Tech literacy sounds about as compelling as weaving construction paper placemats – and it receives about as much enthusiasm from business stakeholders. The thing is, most businesses regardless of size or industry, are suffering from a profound lack of tech literacy. This risks are particularly acute for traditional organizations in the process of evolving and adapting their operations and products to meet the demands of the digital world.
Educating employees on cool new product launches or encouraging them to be innovative isn’t much good if the folks outside of your Tech org can’t tell you how APIs work or comprehend why cloud computing is such a big deal. No matter how many fancy third-party partners, incubation labs or VC projects your firm is working with, the information gap means your organization isn’t moving as fast as it should be.
Find educational partners: Find allies where you can. In theory, your tech leaders should be a good place to start. They are accustomed to explaining their motives to business stakeholders and painfully aware of where the learning curve dips. Sit down with leaders who are likely to benefit from tech education and identify a few topics to tackle. Ideally, these topics should support what’s happening within in the business. For example, if you are launching or updating specific business products, use employee comprehension of their attributes, performance and function as your end goal.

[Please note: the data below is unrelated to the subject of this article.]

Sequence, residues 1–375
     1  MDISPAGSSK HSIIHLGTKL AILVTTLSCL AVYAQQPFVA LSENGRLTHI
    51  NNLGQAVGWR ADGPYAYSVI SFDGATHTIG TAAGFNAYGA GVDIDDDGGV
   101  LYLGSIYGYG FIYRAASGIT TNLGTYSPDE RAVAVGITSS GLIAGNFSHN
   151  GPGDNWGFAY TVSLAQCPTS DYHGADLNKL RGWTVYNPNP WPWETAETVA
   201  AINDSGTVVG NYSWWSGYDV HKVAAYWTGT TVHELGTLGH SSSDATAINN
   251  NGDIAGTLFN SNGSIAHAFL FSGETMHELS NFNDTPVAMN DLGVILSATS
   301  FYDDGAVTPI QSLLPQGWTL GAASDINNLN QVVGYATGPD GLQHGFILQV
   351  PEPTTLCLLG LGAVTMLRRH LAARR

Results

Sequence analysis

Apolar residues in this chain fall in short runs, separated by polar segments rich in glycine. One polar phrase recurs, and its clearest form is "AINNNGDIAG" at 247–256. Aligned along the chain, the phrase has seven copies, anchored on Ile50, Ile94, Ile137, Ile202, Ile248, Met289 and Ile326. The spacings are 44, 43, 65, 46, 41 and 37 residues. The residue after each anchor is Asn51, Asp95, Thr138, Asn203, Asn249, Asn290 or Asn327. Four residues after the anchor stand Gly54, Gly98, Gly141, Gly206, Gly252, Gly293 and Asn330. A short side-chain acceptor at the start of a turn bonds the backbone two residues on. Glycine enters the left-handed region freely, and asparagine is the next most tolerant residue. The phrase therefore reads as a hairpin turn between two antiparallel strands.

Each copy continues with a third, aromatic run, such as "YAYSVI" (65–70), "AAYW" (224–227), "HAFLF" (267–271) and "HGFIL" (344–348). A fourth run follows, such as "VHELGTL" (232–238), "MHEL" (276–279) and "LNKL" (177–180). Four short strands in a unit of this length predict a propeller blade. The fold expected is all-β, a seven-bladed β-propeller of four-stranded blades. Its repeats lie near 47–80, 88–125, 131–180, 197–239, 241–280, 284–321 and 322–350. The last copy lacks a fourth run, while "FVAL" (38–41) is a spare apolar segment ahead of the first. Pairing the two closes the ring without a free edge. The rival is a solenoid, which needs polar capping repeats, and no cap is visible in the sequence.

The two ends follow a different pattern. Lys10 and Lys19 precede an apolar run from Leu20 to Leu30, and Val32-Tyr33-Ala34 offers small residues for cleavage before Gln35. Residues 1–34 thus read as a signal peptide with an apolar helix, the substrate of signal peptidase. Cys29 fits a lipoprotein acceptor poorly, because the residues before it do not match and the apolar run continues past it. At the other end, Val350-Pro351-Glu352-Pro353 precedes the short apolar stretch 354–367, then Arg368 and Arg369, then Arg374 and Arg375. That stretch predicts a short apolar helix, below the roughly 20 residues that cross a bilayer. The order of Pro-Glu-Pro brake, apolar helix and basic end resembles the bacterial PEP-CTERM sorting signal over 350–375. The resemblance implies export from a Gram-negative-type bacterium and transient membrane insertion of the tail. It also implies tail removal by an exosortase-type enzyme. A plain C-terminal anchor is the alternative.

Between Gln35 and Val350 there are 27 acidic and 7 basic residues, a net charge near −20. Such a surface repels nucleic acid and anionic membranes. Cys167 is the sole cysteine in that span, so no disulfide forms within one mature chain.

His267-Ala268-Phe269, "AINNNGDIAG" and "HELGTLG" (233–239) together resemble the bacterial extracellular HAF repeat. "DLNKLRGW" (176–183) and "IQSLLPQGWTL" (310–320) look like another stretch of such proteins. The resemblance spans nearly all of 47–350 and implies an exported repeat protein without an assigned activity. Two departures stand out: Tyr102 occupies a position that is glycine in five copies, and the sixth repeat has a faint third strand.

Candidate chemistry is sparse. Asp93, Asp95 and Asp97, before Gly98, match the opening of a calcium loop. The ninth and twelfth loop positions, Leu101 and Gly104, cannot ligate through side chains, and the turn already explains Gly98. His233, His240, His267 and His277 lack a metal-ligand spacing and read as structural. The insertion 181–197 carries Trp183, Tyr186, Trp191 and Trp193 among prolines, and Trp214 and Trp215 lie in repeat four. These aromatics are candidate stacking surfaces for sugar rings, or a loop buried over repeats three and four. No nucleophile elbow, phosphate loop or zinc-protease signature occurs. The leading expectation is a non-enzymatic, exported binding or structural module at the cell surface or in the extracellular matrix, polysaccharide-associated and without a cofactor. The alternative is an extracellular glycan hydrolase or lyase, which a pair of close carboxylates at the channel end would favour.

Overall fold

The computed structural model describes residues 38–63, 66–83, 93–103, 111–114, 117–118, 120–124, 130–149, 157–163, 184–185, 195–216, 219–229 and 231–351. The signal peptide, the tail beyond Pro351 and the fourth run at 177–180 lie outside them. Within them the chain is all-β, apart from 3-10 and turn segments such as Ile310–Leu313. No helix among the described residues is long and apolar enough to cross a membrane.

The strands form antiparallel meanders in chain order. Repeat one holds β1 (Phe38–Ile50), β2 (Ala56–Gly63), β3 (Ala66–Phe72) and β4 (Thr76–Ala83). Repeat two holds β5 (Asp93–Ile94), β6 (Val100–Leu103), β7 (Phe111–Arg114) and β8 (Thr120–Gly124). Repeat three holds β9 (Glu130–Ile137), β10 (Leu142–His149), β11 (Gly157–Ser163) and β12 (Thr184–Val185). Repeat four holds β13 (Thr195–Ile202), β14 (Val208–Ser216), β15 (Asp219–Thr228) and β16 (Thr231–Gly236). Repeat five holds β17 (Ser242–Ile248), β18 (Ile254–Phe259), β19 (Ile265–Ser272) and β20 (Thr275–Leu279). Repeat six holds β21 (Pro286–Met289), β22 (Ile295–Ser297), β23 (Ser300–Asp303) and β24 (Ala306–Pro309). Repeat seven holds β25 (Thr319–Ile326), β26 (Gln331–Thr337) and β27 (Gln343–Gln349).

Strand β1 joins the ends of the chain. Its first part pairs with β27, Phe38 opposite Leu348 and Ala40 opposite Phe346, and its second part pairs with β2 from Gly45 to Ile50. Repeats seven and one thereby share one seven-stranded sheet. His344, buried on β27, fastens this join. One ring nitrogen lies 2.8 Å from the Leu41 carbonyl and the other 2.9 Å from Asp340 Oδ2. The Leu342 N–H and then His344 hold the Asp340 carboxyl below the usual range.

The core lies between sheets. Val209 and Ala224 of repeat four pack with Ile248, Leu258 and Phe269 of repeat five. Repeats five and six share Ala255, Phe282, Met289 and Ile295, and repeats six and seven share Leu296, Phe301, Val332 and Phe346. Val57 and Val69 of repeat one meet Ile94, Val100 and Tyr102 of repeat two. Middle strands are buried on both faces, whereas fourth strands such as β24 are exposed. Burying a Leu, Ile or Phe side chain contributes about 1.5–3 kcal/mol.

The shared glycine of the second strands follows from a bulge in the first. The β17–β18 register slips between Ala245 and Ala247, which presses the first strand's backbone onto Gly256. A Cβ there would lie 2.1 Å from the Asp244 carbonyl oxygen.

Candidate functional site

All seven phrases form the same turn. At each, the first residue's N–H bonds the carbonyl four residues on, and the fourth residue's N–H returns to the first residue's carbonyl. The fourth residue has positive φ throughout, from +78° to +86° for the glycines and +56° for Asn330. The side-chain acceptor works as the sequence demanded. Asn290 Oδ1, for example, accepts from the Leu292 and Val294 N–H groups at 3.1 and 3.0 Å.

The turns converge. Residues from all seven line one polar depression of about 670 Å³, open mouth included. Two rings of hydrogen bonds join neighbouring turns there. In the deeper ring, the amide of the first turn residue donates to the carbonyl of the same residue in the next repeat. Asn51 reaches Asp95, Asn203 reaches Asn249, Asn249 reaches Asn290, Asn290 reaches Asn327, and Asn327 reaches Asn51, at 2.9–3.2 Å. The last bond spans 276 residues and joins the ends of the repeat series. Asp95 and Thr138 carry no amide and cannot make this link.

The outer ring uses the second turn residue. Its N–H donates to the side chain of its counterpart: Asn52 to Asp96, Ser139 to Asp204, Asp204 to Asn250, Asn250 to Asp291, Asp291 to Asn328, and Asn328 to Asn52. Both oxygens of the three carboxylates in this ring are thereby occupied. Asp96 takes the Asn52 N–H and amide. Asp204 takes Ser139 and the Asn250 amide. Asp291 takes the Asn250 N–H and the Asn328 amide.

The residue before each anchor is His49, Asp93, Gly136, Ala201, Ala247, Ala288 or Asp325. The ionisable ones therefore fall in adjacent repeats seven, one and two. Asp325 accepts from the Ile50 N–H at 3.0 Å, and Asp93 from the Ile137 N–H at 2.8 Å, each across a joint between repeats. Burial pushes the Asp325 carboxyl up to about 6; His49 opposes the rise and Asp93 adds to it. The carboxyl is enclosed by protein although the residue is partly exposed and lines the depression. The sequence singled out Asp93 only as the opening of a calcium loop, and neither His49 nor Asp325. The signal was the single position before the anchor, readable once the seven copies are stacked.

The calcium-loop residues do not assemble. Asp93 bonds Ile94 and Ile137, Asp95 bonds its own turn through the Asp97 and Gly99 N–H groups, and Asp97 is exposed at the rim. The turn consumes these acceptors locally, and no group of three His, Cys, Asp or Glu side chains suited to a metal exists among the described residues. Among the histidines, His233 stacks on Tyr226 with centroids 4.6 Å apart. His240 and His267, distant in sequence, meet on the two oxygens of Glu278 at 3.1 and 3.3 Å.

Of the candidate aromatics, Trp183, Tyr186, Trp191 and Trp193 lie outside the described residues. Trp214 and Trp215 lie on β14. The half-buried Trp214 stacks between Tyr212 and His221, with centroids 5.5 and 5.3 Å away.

Start small: Deconstruct your chosen product/s to their basic elements and identify what small knowledge gaps you need to start with. For example, does your new product sit on a new platform? Or Leverage the APIs of another app for customers to sign up? Then start there. Make it your goal to educate the population on what platforms are and how they support products and speed delivery time for new products.
Make it accessible – and not the most boring thing ever: Find ways to make APIs sound easy, clear and understandable. Show, don’t tell, how platforms work and support your products. While executives and employees alike need to learn the proper terminology if they are to build a proper knowledge base, don’t beat them over the head with it. Kill the tech jargon, and get visual. It’s more work on the front end, but well worth it when people start to exclaim, “I get it!”